- Author: Alex Russell
Everyone says you can't plant seeds from hybrid tomatoes, squash or any of the other tasty foods we grow at home. It's also well-known that no one is the boss of us in our own gardens.
Actually, planting the seeds of hybrids is one of the easiest ways to start plant breeding at home. This type of plant breeding is called “dehybridization,” which is the process of growing out successive generations of a hybrid plant with the ultimate goal of producing an open-pollinated version that's as similar as possible to the hybrid.
Last summer I planted ‘Cube of Butter' hybrid yellow summer squash (Cucurbita pepo) and it more than lived up to its name. This superior summer squash is widely acclaimed as the tastiest of all summer squash. In my garden, the plants were hardy, the flavor was incredible and the productivity left me almost completely sick of eating squash. By July, a few fruits that got completely away from me had plumped into hard-shelled clubs.
I first read about dehybridizing in Carol Deppe's book Breed Your Own Vegetable Varieties, and this seemed a perfect opportunity to try it. I have nothing against buying a $4 pack of seeds every year to enjoy this squash, but I'm also interested in saving seeds and trying my hand at vegetable breeding. So I carried in those past-due squash and dug out all the seeds I would need.
Open-pollinated (OP) Versus Hybrids (F1)
First, a few definitions.
Open-pollinated (OP) varieties are your typical heirlooms and really any plant that will reproduce by seed mostly true-to-type, meaning they will closely resemble the parent plants. These are varieties that are planted together and allowed to cross pollinate among themselves, either through self-pollination like beans and tomatoes or cross pollination like squash and corn.
Hybrids are very different. A hybrid is an intentional cross-pollination of two different inbred varieties. The result is a F1 (first-generation) hybrid. Any seed labeled F1, it's a hybrid. Hybrids are much more predictably uniform than open-pollinated varieties. There's also something special about a commercial hybrid, usually in terms of productivity or disease resistance. Because the plants don't reproduce true-to-type from seed, you'll have to buy new seed every year.
Dehybridizing starts with saving seeds from F1 hybrid plants. You grow out a hybrid variety, save the seeds and plant them. That second generation is the F2, and you don't really know what any individual plant will be. There is a chance you'll get something similar to the F1, but what will most likely happen is that the plants will resemble either parent lines of the F1 which could be very different.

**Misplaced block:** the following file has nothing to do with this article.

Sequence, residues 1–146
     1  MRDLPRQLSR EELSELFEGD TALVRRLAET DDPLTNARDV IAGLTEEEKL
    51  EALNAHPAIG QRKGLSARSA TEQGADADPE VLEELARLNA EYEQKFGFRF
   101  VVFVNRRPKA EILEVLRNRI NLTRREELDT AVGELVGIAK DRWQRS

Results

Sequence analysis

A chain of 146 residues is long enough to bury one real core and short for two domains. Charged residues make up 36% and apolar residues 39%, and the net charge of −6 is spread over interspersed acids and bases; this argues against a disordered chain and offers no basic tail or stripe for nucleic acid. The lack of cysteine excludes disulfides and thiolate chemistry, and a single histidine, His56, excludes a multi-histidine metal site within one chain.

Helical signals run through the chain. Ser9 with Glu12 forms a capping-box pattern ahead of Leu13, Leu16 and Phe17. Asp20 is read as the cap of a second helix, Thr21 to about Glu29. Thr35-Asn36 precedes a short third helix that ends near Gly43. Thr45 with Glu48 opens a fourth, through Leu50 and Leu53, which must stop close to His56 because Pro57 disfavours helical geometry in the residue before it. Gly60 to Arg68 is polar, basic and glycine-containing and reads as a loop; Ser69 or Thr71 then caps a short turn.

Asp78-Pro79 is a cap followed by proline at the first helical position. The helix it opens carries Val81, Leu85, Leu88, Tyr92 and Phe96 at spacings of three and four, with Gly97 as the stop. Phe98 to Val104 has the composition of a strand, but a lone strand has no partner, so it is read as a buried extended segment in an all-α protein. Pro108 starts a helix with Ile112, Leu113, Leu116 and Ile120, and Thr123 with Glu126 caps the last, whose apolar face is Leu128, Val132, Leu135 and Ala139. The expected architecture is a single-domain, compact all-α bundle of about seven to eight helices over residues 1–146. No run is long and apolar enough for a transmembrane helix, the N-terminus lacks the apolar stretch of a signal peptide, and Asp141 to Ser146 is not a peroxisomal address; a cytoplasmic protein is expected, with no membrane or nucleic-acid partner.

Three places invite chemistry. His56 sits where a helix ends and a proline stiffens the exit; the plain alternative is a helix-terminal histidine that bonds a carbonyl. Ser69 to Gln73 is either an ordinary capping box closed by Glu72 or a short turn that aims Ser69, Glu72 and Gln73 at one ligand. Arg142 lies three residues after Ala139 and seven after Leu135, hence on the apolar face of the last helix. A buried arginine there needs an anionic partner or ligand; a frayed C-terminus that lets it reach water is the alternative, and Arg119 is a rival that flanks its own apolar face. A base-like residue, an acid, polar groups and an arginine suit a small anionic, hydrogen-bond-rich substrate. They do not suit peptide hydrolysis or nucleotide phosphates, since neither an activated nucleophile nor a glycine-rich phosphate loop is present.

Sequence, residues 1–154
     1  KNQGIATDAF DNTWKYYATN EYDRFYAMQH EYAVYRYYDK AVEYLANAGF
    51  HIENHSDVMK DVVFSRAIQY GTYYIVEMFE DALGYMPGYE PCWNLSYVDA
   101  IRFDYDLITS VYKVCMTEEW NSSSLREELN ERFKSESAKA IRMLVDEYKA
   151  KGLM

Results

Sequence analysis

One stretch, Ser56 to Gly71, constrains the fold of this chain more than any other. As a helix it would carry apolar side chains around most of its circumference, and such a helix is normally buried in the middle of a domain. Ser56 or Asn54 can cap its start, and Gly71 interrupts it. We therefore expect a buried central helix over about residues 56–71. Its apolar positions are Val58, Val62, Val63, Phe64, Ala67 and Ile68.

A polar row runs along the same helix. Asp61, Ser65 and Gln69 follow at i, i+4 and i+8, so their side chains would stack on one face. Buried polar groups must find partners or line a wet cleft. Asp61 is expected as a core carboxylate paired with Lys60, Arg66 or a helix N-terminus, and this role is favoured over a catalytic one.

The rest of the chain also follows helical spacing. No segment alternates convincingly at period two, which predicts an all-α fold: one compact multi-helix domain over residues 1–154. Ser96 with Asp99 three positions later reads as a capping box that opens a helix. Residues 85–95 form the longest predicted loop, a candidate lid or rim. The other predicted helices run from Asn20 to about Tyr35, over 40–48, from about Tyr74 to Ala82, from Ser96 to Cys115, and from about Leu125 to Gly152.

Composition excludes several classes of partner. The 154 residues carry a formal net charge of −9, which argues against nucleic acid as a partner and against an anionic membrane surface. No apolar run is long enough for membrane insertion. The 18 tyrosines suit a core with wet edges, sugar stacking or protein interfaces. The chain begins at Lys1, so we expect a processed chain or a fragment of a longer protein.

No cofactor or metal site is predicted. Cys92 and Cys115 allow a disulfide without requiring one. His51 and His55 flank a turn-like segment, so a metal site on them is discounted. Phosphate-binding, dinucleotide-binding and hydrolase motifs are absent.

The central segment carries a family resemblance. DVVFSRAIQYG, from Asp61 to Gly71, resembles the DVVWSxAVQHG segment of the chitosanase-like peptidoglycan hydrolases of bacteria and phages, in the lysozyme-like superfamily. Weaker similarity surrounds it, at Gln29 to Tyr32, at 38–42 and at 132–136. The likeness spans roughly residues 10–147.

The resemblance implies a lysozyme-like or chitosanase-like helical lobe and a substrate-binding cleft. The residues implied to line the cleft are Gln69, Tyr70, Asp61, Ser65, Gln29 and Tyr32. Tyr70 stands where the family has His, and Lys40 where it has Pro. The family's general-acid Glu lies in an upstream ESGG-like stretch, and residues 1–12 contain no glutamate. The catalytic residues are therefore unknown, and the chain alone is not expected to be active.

First Steps to a Dehybridized Squash
In February I started nine seeds in pots in my ready-made, plastic bin cold frame. In late March I planted them out in the garden. Within two weeks, armies of earwigs ate every single one down to seed leaves.
This should not have been a surprise. I keep the garden beds under deep alfalfa mulch year-round, which is great for soil health but also incredibly effective for cultivating tens of thousands of earwigs every spring.
The demolished squash seedlings didn't all completely shrivel, so I didn't pull them out. It was the kind of destruction that sets a project back a year. I spread a few shakes of iron phosphate and spinosad bait, which is labeled for organic gardening, hoping to clear out the earwigs before planting melon starts.
Over the next three weeks, there came a slow flush of new leaves and stems on first two then three destroyed squash plants. In late April I pulled the others out and watched my three survivors unfurl. By early May it was impossible to tell anything at all bad had ever happened to them.
One thing I didn't count on is the size of these plants. A summer squash plant will take up 4 feet of space. That's a lot of space in any garden. In my initial, and characteristically optimistic, planting I spaced the original nine seedlings a foot apart. In May, the root systems reached past the furthest leaves. Next year I'll be sure to give every plant room so it doesn't outcompete and shade everything nearby.
It Gets Weird
Cube of Butter is a bright yellow squash with incredible flavor. If you cut it, there is a tinge of green on the inside. Cook this squash in olive oil because it doesn't need a bit of butter to taste great. I was expecting something similar to the F1 fruit. That's not what I got.
While one of the three plants is producing a completely light green squash, the other two have been producing fruits that are half green and half yellow. In a little searching online I found only one variety of squash that comes out bi-colored like this. It's called ‘Zephyr,' a well-appreciated F1 hybrid.
None of the squash are coming out all-yellow. If all nine original plants had survived, maybe I would see more variation in fruit color that I don't with just three plants. Maybe I lost a plant that would have produced all-yellow fruit.
So far, I have cooked and eaten the bi-colored fruits. The taste was good, but not quite butter in squash form.
So will I save and replant seeds from these bi-colored F2 fruits? Sure. I just read something from Carol Deppe where she recommends planting seeds from all the F2 plants before choosing what to save with the intention of keeping only seed from plants with the qualities you want. And besides, Seed Savers Exchange recommends saving seed from five to ten plants to maintain a variety. I'll plant more of the F1s next year.
The taste is fine, and there is some novelty in a bi-colored summer squash, something I never expect to see in the grocery store. It's still a month or two until I'll want to pull the plants. Let's see how tired I get of eating squash.